These are in particular the data representation framework and the idea of mathematical schemas, described in Section~\ref{sec:method}.

The \pn project will focus on developing these for mathematical data, but similar ideas and principles apply to other sciences as well, and by providing a blueprint for deep FAIRness, the \TheProject will act as a catalyst for innovation outside the project.

The coherent of the various existing services in a deep FAIR framework constitutes a novel service that is significa

The coherent integration of the various existing services on a uniform deep FAIR platform constitutes a novel service that is a significant improvement on the current state.

Finally -- while not directly targeted in the \pn project -- the mathematical datasets provided by the \pn project in a uniform semantic framework will make them very attractive for applying Machine Learning (ML) methods to derive new (mathematical) conjectures that can then be attacked by conventional mathematical methods.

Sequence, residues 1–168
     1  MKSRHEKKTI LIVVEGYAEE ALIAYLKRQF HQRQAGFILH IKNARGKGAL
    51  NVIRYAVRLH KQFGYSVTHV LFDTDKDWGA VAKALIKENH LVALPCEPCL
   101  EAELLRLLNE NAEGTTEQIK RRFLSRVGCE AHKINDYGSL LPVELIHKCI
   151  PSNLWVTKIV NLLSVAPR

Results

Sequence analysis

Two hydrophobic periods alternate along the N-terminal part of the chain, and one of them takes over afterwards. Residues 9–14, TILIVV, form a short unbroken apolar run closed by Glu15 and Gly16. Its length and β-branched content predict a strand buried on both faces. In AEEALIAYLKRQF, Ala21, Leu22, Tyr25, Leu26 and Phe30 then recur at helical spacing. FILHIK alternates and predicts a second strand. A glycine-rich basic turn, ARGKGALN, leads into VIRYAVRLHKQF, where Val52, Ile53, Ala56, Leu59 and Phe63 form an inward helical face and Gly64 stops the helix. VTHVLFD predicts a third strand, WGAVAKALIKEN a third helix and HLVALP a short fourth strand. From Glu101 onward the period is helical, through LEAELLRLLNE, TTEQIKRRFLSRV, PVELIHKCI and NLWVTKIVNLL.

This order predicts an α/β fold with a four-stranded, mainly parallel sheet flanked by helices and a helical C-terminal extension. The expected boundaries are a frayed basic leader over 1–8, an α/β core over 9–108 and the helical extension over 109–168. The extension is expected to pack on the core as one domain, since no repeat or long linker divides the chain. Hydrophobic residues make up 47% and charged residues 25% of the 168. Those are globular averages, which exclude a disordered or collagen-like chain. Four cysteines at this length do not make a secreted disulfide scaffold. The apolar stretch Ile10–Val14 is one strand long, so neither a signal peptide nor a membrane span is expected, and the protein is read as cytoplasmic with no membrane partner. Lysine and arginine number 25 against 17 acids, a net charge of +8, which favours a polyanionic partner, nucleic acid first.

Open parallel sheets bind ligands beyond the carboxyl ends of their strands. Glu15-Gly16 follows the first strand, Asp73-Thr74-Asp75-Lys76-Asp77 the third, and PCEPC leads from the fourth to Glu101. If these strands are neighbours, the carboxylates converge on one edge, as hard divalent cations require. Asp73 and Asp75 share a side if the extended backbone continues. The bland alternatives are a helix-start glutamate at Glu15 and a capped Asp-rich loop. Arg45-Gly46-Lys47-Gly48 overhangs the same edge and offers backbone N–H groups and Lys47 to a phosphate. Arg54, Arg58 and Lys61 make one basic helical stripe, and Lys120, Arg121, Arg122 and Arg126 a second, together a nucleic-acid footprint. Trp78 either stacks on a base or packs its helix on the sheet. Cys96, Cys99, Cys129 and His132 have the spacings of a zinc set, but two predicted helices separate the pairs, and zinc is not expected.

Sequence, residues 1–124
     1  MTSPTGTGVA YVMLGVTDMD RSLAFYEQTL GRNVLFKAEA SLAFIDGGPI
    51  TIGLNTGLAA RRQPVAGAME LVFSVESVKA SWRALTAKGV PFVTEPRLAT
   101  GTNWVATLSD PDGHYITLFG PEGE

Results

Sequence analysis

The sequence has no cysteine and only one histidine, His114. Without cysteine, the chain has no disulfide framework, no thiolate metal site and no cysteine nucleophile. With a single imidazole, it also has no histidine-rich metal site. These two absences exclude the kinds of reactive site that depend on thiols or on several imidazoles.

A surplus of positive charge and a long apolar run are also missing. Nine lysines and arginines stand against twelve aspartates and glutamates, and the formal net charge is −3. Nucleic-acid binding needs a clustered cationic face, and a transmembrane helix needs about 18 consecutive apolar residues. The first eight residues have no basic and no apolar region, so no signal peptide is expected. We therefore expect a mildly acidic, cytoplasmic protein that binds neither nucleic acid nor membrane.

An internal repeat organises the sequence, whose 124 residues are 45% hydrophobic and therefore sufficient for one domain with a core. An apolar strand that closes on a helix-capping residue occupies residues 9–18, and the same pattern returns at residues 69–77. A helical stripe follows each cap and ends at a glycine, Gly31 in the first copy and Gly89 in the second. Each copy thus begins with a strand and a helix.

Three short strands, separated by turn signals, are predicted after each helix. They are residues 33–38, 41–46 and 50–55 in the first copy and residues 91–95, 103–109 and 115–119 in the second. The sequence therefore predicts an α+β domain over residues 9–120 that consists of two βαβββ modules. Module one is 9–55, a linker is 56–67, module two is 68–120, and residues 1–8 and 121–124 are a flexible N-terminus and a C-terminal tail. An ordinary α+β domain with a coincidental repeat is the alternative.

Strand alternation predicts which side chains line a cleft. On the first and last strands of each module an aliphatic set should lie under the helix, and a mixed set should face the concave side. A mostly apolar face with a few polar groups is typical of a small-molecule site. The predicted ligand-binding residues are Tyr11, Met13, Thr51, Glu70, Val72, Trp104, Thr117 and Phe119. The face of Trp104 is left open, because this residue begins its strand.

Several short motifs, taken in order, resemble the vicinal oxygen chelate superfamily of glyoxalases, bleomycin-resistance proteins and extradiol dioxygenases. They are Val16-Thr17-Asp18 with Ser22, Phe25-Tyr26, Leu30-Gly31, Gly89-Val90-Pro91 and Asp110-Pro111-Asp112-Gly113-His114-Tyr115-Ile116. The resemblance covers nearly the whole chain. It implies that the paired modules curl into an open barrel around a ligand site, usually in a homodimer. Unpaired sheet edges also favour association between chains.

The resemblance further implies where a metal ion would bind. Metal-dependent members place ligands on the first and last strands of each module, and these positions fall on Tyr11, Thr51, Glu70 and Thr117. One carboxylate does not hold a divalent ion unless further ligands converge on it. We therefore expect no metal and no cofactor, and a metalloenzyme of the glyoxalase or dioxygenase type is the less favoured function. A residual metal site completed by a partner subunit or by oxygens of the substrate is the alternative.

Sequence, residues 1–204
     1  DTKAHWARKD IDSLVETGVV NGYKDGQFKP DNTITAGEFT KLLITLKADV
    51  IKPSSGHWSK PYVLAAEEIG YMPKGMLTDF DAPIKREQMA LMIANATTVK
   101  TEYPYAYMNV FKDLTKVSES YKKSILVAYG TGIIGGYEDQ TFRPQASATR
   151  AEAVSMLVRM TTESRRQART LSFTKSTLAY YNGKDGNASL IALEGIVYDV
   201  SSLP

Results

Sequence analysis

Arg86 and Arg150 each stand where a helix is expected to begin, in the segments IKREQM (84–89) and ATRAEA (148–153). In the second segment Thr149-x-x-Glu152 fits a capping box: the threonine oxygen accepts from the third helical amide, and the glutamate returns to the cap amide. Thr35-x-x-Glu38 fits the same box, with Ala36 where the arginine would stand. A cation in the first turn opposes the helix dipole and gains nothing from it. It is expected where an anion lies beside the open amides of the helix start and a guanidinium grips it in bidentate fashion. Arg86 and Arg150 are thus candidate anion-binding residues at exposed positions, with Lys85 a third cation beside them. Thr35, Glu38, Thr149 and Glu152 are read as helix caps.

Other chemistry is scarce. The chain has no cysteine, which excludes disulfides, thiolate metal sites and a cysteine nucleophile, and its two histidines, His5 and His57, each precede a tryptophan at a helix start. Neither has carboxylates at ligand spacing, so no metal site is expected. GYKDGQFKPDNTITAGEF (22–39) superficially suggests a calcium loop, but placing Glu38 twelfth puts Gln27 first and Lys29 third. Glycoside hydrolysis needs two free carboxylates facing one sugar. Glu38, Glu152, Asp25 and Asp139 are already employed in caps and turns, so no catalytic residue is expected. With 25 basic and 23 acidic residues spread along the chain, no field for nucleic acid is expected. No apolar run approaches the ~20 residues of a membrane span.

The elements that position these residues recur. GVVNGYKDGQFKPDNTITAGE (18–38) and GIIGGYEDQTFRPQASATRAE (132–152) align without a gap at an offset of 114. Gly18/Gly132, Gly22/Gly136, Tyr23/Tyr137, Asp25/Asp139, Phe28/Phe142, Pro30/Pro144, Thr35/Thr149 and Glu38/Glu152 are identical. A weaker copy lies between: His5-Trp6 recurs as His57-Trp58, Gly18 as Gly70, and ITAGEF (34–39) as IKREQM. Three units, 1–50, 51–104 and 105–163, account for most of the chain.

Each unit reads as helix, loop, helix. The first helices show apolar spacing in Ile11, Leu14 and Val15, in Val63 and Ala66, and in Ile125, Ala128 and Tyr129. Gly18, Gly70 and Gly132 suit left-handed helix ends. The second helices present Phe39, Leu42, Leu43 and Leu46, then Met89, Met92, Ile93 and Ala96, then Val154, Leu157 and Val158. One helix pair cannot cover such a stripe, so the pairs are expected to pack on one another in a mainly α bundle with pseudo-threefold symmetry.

Such methods of ``\emph{experimental mathematics}'' are already becoming popular in mathematics wherever there is enough data.

Finally --- while not directly targeted in the \pn project --- the hosting of mathematical datasets in a uniform semantic framework will make them very attractive for applying Machine Learning (ML) methods, e.g., to derive new mathematical conjectures that can then be attacked by conventional methods.

Such methods of \emph{experimental mathematics} are already becoming popular in mathematics wherever there is enough data.

The highly connected and semantically enhanced \pn datasets are going to be an enabling resource for experimental, ML-based technologies.

\subsubsection{Technologies and TRLs}\label{sec:trls}